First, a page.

Microsoft word - primary care cancer strategy 2007-2010.doc

Merseyside & Cheshire Cancer Network
Primary Care Cancer Strategy
2007 - 2010

The Cancer Plan has achieved impressive results since it was published in 2000. However, demographic trends, new treatments,
increasing survival rates and reforms in the NHS have altered the context in which cancer services operate1.
As the policy environment changes with the introduction to the NHS of Payment by Results, foundation trusts, choice and competition
from private sector providers and a new focus on care outside hospitals, as a result of the White Paper, Our Health, Our Care, Our
(2006), the opportunities for working across organisational boundaries and maintaining clinically led services have never been
The purpose of Merseyside and Cheshire Cancer Network (MCCN) is clear - to deliver improvements in cancer services for patients
in line with national policy in a way that meets the needs of the local population – and it is expected that the development of the
Cancer Reform Strategy, announced by the Secretary of State in November 2006, will present many challenges and opportunities for
Primary Care Cancer Services and the Merseyside and Cheshire Primary Care Clinical Network Group (CNG) is confident that it
will address these appropriately.
It is likely that that there will be a focus on reform rather than spending commitments - giving patients more choice , strengthening
commissioning and shifting care from inpatients to outpatients and from hospital to community.
A big challenge will be how to maximize the opportunities for prevention and early diagnosis: the emphasis being on reducing health
The NHS in England: the operating framework for 2007/08 places the emphasis on continuity and the Public Service Agreement
(PSA), described in detail in National Standards, Local Action (July 2004) aims to substantially reduce mortality rates by 2010 from
cancer by at least 20% in people under 75, with a reduction in the inequalities gap of at least 6% between the fifth of areas with the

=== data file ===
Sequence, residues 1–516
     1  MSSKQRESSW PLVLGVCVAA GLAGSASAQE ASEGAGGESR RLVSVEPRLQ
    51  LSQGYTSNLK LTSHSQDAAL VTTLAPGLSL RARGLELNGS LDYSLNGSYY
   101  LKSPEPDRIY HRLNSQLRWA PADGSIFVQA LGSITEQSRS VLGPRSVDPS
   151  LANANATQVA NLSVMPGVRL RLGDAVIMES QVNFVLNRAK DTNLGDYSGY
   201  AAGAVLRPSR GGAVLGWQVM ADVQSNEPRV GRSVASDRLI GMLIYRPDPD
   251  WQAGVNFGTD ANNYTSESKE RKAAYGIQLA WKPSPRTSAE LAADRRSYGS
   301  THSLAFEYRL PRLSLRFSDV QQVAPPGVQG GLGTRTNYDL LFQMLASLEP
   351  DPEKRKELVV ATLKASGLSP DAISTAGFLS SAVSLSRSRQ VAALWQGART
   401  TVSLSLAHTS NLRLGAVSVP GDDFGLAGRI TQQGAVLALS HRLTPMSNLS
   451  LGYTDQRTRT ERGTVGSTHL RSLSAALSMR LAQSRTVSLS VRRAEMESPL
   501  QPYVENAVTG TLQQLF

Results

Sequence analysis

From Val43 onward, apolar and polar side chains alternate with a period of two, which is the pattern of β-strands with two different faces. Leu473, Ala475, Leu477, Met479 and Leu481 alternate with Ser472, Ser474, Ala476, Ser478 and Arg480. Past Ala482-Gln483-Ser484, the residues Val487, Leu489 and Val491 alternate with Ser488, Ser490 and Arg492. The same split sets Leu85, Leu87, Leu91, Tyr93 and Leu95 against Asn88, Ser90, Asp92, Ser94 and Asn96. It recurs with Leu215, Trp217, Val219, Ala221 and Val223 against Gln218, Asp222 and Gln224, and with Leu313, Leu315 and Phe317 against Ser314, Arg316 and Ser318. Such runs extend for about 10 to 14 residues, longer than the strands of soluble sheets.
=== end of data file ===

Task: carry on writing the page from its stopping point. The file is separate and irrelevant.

worst health and deprivation indicators and the population as a whole.
Indeed, the 2007-08 Framework puts the issue, and the target, at the heart of NHS service planning and performance and the 2006
Department of Health data update2 demonstrates that whilst the life expectancy is increasing for both men and women, it is
increasing more slowly than is required to reduce the gap.
Cancer incidence accounts for around 18% of the life expectancy gap and given that of the five (nine pre 1 October 2006)
Merseyside and Cheshire Cancer Network Spearhead PCTs, only one is measured as being on track to narrow their share of that
1 Future Trends and Challenges for Cancer Services in England Kings Fund (2006) 2 Tackling Health Inequalities:2003-05 data update for the National 2010 PSA Target Department of Health (2006) gap, four are partially on track and one is off track (as indicated in the 2003-05 data update referred to above), considerable emphasis throughout 2007 – 2010 on reducing Health Inequalities will be expected. The first MCCN Primary Care Cancer Strategy was compiled for 2003 – 2006, and provided a framework for measuring progress and performance against some key Cancer Plan targets in the primary care setting. This revised Primary Care Cancer Strategy reviews the current position in relation to progress made and provides strategic direction for 2007 – 2010 and the CNG will encourage Cancer Locality Groups to incorporate it into their individual Strategic Plans. It is proposed that the NHS Northwest undertakes a strategic review of current and future actions required to improve health and health care and inform commissioning in the NW. In particular, it will clarify demographic trends, lifestyle impacts, incidence and survival data, benchmark standards and make recommendations about the specific actions needed to prevent further cases, improve diagnosis and treatment outcomes, support people living with cancer and address inequalities. As MCCN will contribute to its development, it is expected that this work may change its focus over time Chair of Primary Care Clinical Network Group
Purpose of the Strategy
To provide the Merseyside and Cheshire Cancer Network Primary Care Clinical Network Group with a vision for cancer care services within the health economy. To inform the Merseyside and Cheshire Cancer Network Service Delivery Plan. To inform the commissioning processes of Primary Care Cancer Care through Practice Based Commissioning To support primary care to contribute to a whole systems approach to the delivery of National Initiatives